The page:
Sepsis, defined as organ dysfunction due to an infection, is a major cause of morbidity and mortality worldwide. The annual incidence in the adult Australian population treated in an ICU has been estimated at 0.77/1000; corresponding to more than 15700 new cases each year, (1) with an estimated cost per episode of AUD39300.
This estimate does not include patients not treated in an ICU and international estimates from the USA and Europe suggest that the total number may be three or four times higher (2). As approximately 5000 people die of sepsis in Australia each year, the burden of death from sepsis is greater than the annual national road toll and sepsis causes more deaths than breast, prostate or colo-rectal cancer.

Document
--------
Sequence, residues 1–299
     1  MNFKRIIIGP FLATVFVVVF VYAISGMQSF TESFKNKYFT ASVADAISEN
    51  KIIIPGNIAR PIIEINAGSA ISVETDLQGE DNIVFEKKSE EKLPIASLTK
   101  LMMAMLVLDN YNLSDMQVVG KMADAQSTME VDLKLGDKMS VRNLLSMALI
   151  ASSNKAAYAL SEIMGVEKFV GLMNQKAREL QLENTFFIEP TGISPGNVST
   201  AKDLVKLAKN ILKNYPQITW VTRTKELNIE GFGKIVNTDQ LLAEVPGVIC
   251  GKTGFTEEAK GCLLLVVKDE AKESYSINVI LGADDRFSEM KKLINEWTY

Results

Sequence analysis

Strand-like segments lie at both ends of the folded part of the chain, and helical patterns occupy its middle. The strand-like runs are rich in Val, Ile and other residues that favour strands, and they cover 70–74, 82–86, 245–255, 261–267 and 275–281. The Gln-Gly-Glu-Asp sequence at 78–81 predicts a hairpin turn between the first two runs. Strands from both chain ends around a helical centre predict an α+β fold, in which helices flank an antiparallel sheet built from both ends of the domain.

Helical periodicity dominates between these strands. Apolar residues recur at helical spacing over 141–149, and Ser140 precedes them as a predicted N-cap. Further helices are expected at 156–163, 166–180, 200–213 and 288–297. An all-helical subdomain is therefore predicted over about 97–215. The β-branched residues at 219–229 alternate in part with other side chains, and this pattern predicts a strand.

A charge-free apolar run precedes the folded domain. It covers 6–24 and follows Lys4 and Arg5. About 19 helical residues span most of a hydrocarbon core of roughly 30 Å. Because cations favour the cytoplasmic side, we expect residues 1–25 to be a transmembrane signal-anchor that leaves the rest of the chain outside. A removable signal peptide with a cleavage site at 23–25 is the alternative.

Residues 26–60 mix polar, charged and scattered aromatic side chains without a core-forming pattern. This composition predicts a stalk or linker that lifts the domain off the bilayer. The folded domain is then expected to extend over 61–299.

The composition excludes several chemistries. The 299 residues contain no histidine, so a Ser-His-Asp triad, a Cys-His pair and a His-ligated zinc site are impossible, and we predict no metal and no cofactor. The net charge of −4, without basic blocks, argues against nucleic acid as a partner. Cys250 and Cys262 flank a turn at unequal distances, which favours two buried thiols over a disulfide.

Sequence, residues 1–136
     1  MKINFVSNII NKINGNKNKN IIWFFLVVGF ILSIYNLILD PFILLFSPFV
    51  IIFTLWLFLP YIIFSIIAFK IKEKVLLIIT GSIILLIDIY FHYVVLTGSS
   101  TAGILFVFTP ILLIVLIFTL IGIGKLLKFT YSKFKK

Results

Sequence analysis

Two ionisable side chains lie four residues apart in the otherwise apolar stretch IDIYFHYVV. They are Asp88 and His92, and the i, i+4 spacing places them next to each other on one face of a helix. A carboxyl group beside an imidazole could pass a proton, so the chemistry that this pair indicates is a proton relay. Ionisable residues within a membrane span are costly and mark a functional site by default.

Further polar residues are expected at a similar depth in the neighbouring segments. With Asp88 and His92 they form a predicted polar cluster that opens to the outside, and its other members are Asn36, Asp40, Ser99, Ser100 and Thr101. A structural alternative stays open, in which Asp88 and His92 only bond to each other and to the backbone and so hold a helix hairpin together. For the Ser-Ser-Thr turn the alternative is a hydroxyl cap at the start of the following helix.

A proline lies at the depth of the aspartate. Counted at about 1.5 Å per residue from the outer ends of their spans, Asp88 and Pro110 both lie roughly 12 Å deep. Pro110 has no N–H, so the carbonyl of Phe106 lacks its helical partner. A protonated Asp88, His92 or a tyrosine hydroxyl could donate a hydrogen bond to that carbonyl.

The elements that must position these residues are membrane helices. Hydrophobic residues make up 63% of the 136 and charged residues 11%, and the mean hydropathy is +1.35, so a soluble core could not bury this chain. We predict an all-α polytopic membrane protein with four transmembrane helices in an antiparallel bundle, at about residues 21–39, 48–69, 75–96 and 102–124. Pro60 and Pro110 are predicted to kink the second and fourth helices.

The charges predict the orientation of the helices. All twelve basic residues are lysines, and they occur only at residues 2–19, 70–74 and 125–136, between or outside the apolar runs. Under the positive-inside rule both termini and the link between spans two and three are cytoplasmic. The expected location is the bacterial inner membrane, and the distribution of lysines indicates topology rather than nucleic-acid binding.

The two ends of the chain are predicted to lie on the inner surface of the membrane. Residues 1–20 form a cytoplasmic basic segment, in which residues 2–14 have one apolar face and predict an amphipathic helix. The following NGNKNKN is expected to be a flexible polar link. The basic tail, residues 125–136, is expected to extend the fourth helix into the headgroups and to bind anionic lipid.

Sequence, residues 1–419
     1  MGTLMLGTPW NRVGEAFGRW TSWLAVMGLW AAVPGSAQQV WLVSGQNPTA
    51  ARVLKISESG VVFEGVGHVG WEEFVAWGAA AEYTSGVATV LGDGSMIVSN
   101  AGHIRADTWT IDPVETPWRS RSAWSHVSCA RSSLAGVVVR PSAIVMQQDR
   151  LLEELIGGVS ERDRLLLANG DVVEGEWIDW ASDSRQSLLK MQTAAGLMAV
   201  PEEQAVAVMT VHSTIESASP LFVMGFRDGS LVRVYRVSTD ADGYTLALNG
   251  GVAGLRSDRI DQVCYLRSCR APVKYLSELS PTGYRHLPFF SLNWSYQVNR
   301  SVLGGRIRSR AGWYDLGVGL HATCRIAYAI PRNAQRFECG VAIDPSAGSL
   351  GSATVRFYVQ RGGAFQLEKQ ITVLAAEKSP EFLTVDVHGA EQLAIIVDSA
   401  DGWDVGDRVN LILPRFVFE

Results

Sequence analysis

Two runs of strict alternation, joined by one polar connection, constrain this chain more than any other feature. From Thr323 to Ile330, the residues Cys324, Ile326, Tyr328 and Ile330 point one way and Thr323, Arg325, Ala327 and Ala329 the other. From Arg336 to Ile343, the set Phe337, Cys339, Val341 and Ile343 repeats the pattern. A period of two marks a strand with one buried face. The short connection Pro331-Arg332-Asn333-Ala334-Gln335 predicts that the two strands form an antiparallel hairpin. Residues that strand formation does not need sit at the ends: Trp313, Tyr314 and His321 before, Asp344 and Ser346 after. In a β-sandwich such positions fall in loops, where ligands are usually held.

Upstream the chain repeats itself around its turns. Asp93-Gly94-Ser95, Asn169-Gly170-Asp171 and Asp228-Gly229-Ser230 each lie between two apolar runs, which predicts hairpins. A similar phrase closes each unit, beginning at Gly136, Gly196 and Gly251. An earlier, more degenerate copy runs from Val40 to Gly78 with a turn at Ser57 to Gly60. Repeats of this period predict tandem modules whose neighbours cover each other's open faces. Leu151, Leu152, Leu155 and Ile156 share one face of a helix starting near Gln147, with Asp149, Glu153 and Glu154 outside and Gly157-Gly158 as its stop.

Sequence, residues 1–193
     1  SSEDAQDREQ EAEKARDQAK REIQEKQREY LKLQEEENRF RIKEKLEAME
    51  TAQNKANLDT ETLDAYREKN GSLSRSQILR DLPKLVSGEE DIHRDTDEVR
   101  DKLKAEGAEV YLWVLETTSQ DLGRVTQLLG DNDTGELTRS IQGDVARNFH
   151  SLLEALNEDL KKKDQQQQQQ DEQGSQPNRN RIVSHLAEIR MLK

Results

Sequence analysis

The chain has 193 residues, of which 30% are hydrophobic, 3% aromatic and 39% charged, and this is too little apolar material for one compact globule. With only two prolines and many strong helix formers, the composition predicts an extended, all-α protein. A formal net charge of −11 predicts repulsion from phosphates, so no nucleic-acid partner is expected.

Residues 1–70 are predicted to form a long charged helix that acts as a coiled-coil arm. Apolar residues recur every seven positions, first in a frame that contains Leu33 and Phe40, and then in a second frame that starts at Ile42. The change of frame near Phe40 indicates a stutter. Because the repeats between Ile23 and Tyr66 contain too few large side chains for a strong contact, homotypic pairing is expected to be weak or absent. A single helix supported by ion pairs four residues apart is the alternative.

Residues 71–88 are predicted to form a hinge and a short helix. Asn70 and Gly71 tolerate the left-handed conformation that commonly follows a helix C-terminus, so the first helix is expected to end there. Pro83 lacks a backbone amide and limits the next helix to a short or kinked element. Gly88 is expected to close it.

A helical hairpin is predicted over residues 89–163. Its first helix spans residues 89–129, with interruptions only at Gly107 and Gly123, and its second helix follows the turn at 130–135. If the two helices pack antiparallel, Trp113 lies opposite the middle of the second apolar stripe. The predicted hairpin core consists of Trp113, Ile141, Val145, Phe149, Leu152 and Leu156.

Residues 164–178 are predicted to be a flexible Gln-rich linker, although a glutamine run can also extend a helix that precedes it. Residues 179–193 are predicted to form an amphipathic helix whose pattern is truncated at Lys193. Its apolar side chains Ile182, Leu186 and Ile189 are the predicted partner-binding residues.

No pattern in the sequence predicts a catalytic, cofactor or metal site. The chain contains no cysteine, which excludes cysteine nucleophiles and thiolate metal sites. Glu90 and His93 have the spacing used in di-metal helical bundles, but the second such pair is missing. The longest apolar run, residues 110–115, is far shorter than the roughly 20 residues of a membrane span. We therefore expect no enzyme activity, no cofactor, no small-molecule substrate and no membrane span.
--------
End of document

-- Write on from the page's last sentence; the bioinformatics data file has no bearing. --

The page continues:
More notably, the incidence of severe sepsis continues to increase both in Australia and in other countries (2 – 4). Sepsis causes or contributes to between one third and one half of all deaths in hospitals in the USA (5).